Where do we stand?

Soon after the announcement of a historical discovery, it is learnt that “the Islamic Science Council, Jeddah has been on high alert to trace any Quranic phrase that could be interpreted as ‘gravitational wave.’ Later it was revealed that “the Islamic scientist are having a tough time finding the evidence that they need to prove that gravitational waves existence and impact on space time was first mentioned and elaborated in the Islamic scriptures” .Till now, nothing has been explained about the phenomenon which has been termed as a new window on the universe.

But, in my view, initiatives of this kind are but a futile exercise that in no way convince the scientifically advanced nations and communities. To interpret any scientific discovery, an in depth knowledge of the phenomenon involved coupled with a profound Islamic knowledge is essential. Here, in case of collision and merger of two galactic black holes, unfathomable knowledge about the astrophysical objects is inevitable, but that we seriously lack today. Unarguably, there is not at all dearth of Islamic scholars, but a scholar blend with scientific knowledge and research is too hard to get. Thus, it makes such efforts shallow in terms of providing concrete Islamic interpretations to the discoveries and inventions.

The Glittering Past

A hope is that we have a glittering past adorn with outstanding discoveries and inventions. Our righteous elders (سلف الصالحین) have done exceptionally well in the field of different sciences and have contributed with loads of new concepts and theories, astronomy, astrology (علم النجوم), cosmology (علم التخلیقات), motion, velocity, time, gravitation, density, atmosphere, capillary attraction, space, rotation, orbital velocity etc, were the branches/terms which were extensively used and elaborated. Just look at the following scientists and their contributions:

  • Jabir Ibn Hayyan (722-804), also known as Geber, the father of chemistry known for his highly influential works on alchemy and metallurgy.
  • Muhammad Ibn Musa Al-Khwarizmi (780-850), also known as Algoritmi or Algaurizin, his works introduced Hindu-Arabic numerals and the concepts of algebra into European mathematics. He invented the Quadrant, the mural instrument, the sine quadrant which was used for solving trigonometric problems and making astronomical observations. He also invented Alidade.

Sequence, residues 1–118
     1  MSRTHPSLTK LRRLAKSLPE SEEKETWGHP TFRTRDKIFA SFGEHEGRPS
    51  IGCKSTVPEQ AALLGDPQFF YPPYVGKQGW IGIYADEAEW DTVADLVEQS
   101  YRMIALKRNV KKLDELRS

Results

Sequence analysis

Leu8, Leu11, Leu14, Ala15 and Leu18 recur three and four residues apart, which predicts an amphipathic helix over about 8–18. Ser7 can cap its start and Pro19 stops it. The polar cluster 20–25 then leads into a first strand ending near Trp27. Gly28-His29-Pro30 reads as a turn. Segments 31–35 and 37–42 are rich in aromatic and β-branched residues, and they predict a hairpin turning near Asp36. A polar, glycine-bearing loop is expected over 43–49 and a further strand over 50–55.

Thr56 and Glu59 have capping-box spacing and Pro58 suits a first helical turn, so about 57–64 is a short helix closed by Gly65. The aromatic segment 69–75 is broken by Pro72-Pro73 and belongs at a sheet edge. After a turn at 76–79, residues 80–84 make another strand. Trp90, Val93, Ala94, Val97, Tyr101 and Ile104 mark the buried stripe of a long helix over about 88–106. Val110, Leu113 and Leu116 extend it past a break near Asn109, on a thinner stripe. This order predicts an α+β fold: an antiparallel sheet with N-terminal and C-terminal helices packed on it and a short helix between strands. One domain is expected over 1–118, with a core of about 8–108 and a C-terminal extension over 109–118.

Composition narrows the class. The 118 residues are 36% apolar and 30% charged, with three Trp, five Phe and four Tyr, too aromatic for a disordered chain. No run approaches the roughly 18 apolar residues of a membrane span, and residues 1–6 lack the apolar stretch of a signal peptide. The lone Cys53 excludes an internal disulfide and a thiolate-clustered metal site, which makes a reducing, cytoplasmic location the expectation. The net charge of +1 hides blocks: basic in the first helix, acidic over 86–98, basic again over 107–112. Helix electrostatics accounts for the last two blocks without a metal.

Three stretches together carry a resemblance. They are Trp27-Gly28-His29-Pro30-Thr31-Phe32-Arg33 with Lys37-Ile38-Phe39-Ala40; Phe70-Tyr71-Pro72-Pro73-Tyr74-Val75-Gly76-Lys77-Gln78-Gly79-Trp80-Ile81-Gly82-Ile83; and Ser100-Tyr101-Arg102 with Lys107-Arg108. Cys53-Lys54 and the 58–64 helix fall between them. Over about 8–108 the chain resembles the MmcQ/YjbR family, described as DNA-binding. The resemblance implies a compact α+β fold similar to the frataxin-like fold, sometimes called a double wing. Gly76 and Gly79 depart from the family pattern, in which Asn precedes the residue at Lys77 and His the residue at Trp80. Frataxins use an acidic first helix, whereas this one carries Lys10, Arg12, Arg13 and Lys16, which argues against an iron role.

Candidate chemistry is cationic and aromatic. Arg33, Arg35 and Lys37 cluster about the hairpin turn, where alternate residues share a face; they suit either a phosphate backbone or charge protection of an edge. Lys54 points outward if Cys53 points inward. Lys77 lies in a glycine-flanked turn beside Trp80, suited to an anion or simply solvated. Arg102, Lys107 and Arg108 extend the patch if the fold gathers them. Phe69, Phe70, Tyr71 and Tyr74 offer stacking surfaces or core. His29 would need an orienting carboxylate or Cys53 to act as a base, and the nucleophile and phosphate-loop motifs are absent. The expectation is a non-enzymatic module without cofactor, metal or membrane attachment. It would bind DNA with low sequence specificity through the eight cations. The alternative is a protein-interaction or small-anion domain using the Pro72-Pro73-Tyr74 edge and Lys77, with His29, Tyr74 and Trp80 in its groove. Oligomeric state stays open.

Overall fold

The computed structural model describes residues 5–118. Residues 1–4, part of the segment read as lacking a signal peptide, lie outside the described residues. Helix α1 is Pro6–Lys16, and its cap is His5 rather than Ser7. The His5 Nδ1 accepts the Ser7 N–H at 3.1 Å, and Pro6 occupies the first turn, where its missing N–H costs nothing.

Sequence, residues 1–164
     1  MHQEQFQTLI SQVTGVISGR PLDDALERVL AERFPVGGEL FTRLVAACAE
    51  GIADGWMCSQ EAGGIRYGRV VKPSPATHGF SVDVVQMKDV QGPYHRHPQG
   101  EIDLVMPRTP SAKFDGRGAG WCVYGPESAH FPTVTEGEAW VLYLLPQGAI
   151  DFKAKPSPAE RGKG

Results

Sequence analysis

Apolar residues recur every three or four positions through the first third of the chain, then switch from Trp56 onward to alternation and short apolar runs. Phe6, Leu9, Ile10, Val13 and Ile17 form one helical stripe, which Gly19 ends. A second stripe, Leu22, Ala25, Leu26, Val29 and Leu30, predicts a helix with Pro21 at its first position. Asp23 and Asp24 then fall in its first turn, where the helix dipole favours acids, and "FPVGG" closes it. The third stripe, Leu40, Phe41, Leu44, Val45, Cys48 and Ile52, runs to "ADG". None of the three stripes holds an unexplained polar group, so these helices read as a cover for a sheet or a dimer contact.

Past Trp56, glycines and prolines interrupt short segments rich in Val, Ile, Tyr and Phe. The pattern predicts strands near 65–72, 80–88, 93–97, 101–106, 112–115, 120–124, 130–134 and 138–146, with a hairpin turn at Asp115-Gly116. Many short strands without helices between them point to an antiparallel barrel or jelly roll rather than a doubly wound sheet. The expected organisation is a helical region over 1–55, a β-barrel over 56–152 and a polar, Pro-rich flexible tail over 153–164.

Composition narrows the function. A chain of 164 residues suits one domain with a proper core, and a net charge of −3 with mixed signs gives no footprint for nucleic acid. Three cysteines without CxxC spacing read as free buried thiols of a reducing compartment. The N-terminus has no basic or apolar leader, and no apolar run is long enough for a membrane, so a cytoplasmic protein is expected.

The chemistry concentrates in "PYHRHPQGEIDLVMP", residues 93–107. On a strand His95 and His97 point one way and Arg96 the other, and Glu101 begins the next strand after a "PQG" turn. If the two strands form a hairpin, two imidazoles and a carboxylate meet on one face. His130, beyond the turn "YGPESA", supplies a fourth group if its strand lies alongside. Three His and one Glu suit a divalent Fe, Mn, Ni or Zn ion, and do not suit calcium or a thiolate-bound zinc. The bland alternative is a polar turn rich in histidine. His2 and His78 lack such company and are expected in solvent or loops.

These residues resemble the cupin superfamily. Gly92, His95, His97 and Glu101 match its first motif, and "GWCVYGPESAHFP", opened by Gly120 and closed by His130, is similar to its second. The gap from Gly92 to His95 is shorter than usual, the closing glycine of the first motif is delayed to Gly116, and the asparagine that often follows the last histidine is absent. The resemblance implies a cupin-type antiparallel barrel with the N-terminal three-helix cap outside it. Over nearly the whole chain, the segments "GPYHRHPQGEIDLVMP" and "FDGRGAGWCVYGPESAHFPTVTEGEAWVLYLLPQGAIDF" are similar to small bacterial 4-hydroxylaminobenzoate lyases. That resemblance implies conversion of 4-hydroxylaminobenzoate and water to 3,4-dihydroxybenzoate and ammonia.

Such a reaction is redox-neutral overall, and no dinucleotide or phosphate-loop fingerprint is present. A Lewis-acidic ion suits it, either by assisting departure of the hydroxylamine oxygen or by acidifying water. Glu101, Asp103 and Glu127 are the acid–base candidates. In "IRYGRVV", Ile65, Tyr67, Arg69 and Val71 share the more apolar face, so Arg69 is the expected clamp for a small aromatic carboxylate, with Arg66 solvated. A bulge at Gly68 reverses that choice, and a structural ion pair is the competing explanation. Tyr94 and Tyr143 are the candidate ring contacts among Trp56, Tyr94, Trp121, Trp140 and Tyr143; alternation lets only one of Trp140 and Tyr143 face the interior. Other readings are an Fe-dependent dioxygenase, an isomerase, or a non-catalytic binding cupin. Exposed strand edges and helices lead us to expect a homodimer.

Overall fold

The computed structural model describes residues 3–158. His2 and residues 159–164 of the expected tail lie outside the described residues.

• Ibn Ishaq Al-Kindi (801-873), also known as Alkindus, Arab philosopher and scientist, who is known as the first of the Muslim peripatetic philosopher.
  • Thabit Ibn Qura (826-901), also known as Thebit, Arab mathematician, physician and astronomer; who was the first reformer of the Ptolemaic system and the founder of statics.
  • Al-Battani (858-929), also known as Albatenius, Arab mathematician, scientists and astronomer who improved existing values for the length of the year and the seasons. The first reference to an “observation tube” is found in the work of Al-Battani, and the first exact description of the observation tube was given by Al-Beruni. Though these early observations tubes did not have lenses, they “enabled an observer to focus on a part of the sky by eliminating light interference”. These observation tubes were later adopted in Latin-speaking Europe, where they may have influenced the development of the telescope.
  • Abu Bakr Al-Razi (865-925), also known as Rhazes, Persian alchemist and philosopher, who was one of the greatest physicians in history.
  • Abu Nasr Al-Farabi (872-950), also known as Alpharabius. Arab scientist and philosopher, considered as one of the prominent thinker of medieval period.
  • Al-Sijzi (945-1020), an Arab astronomer, he invented the Zuraqi; a unique astrolabe designed for a heliocentric planetary model and predicted that the earth is moving but not the sky.
  • Abd Al-Rahman Al-Sufi (964), an Arab astronomer, he wrote the book of fixed stars, a star catalogue thoroughly illustrated with observations and descriptions of the stars, their positions , their apparent magnitudes and their color. He identified the Large Magellanic Cloud, which is visible from Yemen. It was not seen by Europeans until Magellan’s voyage in the sixteenth century. He also made earliest recorded observation of the Andromeda Galaxy in 964 AD, describing it as a small cloud.